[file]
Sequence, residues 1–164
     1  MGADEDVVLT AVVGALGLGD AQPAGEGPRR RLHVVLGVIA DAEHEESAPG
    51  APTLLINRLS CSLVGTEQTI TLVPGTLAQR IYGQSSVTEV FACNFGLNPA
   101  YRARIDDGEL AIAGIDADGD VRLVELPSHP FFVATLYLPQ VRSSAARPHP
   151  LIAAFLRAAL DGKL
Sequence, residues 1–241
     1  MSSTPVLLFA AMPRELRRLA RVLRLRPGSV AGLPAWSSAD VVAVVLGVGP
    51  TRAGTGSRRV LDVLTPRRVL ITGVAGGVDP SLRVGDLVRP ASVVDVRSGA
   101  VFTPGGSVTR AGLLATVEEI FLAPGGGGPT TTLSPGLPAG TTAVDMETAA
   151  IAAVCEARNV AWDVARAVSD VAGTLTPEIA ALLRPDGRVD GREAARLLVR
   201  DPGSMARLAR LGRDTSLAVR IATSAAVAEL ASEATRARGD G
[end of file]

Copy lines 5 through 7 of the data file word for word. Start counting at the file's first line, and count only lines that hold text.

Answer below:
   151  LIAAFLRAAL DGKL
Sequence, residues 1–241
     1  MSSTPVLLFA AMPRELRRLA RVLRLRPGSV AGLPAWSSAD VVAVVLGVGP